Chief executive Barbara Byrd-Bennett talks about PARCC testing at the Sept. 22 Chicago Public School Board meeting.
Just when things were already looking bad for PARCC, one of the two multi-state Common Core testing consortia, they just got worse.
The chief executive of the Chicago Public School system said that she wants to delay the use of the Common Core test being developed by PARCC (the Partnership for Assessment of Readiness for College and Careers) — even though she knows state education officials don’t want to take that action. That’s how concerned she is about the test.
The Chicago Sun-Times reported that last July the Illinois Board of Education declared that it could not grant Chicago schools an exemption from using PARCC this year, as scheduled, because federal funding to the state could be jeopardized.
But on Wednesday, Barbara Byrd-Bennet, the district CEO, said that she still has big concerns about the test and doesn’t want to administer it to students this spring:
“The purpose of standardized assessments is to inform instruction. At present, too many questions remain about PARCC to know how this new test provides more for teachers, students, parents, and principals than we are already providing through our current assessment strategies.”
Whether or not that is the purpose of standardized assessments — and a lot of people would say it isn’t — Byrd-Bennet’s concerns reflect continuing problems for PARCC, which, along with the Smarter Balanced Assessment Consortium, received a combined $360 million from the Obama administration to develop new tests aligned to the Common Core state standards. The idea was that many states would use these tests — which were supposed to be more sophisticated and better able to assess student abilities — thus making cross-state comparisons of student performance possible.
Things haven’t been going well for PARCC. In 2010 there were 26 states aligned with PARCC; now the consortium has 12 states plus the District of Columbia after some key defections this year. It is unclear whether all of the dozen states will use the PARCC exam this year; New York may not use, and questions remain in Massachusetts — where the commissioner of education, Mitchell Chester, is also chairman of PARCC’s governing board. The SBAC still has 22 states planning to use its test this academic year.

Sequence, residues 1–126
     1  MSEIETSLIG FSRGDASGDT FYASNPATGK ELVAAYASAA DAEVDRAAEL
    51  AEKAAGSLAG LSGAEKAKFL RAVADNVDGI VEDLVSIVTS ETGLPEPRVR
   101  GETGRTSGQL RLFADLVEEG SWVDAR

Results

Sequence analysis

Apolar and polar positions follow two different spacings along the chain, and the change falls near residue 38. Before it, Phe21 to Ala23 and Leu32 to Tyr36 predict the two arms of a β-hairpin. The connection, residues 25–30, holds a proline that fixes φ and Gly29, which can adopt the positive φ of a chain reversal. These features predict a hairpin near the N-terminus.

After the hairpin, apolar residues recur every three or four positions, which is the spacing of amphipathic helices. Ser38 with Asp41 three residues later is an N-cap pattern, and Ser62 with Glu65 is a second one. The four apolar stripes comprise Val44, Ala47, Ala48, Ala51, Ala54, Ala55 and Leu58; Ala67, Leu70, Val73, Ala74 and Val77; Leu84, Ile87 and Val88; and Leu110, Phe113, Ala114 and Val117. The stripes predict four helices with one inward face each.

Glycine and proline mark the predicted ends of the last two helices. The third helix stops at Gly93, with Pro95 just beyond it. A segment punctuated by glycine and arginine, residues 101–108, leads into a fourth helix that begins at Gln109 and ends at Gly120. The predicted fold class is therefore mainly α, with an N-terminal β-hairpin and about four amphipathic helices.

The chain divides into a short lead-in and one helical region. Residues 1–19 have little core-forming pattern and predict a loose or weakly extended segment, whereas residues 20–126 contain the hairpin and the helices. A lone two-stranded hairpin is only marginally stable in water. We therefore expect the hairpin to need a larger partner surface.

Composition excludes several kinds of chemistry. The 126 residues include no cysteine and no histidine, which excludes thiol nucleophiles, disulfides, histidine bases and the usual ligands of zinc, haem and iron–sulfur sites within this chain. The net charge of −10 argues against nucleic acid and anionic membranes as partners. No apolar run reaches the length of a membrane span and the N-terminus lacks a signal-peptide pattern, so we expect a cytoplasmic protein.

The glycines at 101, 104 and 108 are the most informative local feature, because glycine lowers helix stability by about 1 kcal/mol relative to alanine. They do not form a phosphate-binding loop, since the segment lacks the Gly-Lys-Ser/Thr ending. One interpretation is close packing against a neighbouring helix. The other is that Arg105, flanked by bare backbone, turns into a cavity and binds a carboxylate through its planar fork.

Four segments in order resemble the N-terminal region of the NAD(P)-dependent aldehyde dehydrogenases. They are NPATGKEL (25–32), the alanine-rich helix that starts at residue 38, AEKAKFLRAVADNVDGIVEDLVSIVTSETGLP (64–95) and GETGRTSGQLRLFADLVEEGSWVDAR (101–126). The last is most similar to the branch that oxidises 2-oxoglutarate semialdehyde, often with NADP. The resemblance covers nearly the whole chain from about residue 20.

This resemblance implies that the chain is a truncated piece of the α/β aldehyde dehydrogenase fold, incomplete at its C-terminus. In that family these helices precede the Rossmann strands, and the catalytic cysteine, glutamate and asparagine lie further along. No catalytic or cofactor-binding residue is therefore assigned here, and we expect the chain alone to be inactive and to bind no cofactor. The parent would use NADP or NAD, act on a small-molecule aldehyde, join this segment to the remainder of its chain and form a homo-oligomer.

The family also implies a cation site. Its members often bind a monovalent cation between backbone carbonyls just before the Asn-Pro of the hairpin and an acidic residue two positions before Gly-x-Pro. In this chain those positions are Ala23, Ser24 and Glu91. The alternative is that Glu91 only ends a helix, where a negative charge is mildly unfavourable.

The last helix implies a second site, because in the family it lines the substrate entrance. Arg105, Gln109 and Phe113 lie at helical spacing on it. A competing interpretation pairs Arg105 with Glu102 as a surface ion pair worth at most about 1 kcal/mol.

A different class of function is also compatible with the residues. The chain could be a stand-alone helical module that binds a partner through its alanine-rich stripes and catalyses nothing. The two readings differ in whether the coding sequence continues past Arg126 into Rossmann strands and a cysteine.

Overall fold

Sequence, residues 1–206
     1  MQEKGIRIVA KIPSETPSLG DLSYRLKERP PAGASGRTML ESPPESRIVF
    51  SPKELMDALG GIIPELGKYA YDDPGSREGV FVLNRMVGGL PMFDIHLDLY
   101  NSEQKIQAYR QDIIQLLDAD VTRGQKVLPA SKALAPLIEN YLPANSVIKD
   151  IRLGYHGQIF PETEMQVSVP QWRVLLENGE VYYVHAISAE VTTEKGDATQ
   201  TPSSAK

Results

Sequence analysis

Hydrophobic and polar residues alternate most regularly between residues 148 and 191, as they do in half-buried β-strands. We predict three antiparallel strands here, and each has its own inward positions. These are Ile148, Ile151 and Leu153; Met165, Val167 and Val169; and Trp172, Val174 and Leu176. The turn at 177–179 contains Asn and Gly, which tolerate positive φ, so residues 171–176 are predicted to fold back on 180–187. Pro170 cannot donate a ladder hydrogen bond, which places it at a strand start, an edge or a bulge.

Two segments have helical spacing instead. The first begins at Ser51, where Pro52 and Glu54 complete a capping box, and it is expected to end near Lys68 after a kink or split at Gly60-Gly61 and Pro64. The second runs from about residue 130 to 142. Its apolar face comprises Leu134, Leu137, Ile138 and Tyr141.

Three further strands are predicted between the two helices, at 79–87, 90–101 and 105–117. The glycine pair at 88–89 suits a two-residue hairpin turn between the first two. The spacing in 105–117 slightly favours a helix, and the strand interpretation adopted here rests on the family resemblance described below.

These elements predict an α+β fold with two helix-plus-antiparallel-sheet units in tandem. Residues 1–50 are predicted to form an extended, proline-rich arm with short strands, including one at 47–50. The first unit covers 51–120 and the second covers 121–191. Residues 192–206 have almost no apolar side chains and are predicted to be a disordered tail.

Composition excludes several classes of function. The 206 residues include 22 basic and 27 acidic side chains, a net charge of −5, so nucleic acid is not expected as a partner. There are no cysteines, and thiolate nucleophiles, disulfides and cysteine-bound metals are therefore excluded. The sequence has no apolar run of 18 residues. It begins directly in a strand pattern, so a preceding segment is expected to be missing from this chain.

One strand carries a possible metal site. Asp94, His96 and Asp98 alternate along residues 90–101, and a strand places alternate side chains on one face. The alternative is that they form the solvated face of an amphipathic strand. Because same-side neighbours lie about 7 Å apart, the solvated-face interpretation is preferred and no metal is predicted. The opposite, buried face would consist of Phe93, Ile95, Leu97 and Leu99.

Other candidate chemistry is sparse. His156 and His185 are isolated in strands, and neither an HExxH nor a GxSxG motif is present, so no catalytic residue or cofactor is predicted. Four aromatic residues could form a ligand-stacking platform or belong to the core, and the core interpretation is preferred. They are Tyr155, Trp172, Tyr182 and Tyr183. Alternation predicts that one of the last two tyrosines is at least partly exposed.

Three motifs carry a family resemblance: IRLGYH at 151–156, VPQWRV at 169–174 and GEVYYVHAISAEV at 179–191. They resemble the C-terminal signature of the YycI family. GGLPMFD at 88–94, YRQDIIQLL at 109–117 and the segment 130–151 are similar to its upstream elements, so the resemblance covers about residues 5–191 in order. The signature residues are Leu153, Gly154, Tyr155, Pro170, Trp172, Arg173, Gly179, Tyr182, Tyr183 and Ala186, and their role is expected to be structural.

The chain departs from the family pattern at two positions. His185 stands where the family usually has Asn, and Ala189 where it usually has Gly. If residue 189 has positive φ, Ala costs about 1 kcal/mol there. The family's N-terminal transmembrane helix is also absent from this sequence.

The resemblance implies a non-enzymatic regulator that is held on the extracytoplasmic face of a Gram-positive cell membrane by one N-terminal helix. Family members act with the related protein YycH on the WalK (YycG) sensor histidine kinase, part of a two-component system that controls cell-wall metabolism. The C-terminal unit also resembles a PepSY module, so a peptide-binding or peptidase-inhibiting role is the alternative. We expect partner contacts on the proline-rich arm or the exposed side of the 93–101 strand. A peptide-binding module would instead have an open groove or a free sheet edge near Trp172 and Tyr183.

And even if Chicago is forced to use the PARCC exam this spring against Byrd-Bennet’s desires, her comments reflect long-standing concerns among testing critics that the PARCC and SBAC exams won’t be the “absolute game-changer in public education” that Education Secretary Arne Duncan said they would be back in 2010. Education experts have noted that design and time constraints as well as financial problems and other issues have combined to make this leap into the next generation of assessments less dramatic than hoped.
The Sun-Times reported that Byrd-Bennet is in contact with the state education board and will reach out to the U.S. Education Department. The newspaper quoted her as saying she wants to “discuss the possibility and logistics of expanding our PARCC pilot period by one year as well as the number of schools in the pilot so that we have an opportunity to learn more about this important new assessment prior to full-scale implementation across our district in future years.”
The administration of PARCC and SBAC tests last spring to millions of students around the country were not billed as being a “pilot” but rather “field tests” of exams so the testing companies could evaluate specific questions.
Could PARCC collapse? Consortium officials have said no. Others aren’t so sure.